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abuses actual admiration admit appear authority believe body called cause character common condition consequence consider considerable constitution corruption course danger doubt duty effect England English equally evils existence expressed extreme fact favour feeling force freedom friends give greater hand happiness honour hope human importance increased independence individual influence intelligence interest kind King learned least less letters liberty live look Lord manner means ment mind monarchy moral natural necessary never object observations occasion once opinion original party passed peace perhaps period persons political popular practice present principles Quakers question readers reason reform respect seems sense short society sort sovereign spirit success supposed thing thought tion true truth whole write
Page 468 - mid fire and smoke, And twice ten hundred voices spoke, "The Playhouse is in flames !" And lo ! where Catherine Street extends, A fiery tail its lustre lends To every...
Page 262 - It is only known that they solemnly pledged themselves, according to their country's manner, to live in love with William Penn and his children as long as the sun and the moon should endure.
Page 259 - Let justice have its impartial course, and the law free passage. Though to your loss, protect no man against it ; for you are not above the law, but the law above you. Live therefore the lives yourselves you would have the people live, and then shall you have right and boldness to punish the transgressor.
Page 437 - I am told it. But I cherish too the consolatory hope, that I shall be able to tell them that I had an old and learned friend, whom I would put above all the sweepings of their hall, who was of a different opinion; who had derived his ideas of civil liberty from the purest fountains of Athens and of Rome; who had fed the youthful vigour of his studious mind, with the theoretic knowledge of their wisest philosophers and statesmen...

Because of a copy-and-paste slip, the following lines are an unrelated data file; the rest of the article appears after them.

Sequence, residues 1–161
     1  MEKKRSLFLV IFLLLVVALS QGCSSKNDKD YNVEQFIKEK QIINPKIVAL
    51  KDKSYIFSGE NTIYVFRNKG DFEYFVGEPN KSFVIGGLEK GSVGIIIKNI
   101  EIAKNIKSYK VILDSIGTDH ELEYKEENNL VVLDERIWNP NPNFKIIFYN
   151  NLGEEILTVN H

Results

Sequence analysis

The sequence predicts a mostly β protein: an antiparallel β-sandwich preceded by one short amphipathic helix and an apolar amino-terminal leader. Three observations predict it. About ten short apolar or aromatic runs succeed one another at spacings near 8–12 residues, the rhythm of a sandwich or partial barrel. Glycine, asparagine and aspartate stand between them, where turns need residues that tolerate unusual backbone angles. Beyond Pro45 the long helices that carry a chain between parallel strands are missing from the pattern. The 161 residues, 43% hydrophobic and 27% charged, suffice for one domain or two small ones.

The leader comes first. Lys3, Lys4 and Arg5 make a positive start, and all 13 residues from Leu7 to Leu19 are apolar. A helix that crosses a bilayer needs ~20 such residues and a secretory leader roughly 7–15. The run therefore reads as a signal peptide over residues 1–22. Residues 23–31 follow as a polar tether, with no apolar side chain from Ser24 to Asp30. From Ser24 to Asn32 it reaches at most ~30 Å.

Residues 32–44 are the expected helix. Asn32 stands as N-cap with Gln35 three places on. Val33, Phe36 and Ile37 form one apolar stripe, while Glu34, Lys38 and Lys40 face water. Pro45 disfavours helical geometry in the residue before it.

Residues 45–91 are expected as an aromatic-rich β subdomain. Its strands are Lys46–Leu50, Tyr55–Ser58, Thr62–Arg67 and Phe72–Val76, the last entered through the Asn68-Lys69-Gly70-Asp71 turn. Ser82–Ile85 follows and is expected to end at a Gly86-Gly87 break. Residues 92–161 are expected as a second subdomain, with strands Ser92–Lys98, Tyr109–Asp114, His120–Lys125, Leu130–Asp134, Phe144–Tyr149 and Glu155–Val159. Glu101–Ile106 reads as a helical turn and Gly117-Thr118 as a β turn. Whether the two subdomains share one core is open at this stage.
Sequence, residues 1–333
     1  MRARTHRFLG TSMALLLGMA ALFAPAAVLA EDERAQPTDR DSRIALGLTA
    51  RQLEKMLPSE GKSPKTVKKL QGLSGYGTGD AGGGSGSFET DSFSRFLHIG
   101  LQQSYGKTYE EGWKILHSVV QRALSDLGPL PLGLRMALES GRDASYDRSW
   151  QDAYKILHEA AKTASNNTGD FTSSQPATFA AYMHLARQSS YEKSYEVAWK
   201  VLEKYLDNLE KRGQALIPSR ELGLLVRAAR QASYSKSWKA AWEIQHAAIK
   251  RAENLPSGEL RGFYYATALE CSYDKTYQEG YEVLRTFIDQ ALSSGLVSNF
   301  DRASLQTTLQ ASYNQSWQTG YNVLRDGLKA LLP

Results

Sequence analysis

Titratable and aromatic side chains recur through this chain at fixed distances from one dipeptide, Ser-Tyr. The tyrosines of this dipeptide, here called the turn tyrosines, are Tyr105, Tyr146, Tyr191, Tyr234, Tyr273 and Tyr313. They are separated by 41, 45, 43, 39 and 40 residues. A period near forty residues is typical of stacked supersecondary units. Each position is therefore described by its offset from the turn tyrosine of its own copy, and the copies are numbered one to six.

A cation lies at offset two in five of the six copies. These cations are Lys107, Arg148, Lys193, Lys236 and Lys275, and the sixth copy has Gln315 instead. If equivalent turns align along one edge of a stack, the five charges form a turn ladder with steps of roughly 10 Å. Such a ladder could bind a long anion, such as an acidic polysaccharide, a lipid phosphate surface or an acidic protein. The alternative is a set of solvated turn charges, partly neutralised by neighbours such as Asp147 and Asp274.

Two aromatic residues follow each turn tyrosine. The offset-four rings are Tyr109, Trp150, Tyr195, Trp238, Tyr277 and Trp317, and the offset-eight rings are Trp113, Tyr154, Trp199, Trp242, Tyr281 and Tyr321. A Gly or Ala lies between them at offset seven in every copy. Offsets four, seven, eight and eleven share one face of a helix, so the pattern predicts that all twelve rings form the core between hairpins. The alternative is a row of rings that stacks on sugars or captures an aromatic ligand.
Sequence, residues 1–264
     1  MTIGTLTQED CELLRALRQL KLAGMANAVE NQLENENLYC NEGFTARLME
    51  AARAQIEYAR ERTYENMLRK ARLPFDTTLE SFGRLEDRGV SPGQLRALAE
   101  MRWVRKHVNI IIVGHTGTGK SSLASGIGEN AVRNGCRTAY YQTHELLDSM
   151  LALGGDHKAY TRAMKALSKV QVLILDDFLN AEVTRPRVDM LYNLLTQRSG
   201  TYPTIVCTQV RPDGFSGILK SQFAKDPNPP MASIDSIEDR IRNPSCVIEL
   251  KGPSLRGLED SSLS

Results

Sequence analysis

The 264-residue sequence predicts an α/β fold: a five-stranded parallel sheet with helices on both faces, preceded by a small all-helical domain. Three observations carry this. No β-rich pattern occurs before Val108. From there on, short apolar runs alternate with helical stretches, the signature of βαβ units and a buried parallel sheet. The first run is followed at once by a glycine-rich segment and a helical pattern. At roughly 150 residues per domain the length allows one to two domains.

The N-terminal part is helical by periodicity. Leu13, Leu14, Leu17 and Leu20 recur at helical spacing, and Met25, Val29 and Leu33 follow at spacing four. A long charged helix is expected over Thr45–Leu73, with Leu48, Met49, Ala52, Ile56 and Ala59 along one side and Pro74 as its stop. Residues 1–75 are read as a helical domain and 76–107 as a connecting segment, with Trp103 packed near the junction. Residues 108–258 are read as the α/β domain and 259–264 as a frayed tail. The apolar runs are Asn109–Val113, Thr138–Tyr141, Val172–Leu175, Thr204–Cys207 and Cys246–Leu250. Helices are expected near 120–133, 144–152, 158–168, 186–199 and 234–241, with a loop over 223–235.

Page 474 - Iris' bow, down darts the painted hue, Starred, striped, and spotted, yellow, red, and blue, Old calico, torn silk, and muslin new.
Page 408 - But as the world is, and will be, 'tis a sort of duty to be rich, that it may be in one's power to do good ; riches being another word for power...
Page 258 - I choose not they should be married to earthly covetous kindred; and of cities and towns of concourse beware ; the world is apt to stick close to those who have lived and got wealth there : a country life and estate I like best for my children.
Page 261 - ... neither would he compare the friendship between him and them to a Chain, for the rain might sometimes rust it, or a tree might fall and break it; but he should consider them as the same flesh and blood with the Christians, and the same as if one man's body were to be divided into two parts.
Page 216 - It was a rainy Sunday in the gloomy month of November. I had been detained, in the course of a journey, by a slight indisposition, from which I was recovering; but was still feverish, and obliged to keep within doors all day, in an inn of the small town of Derby. A wet Sunday in a country inn! — whoever has had the luck to experience one can alone judge of my situation.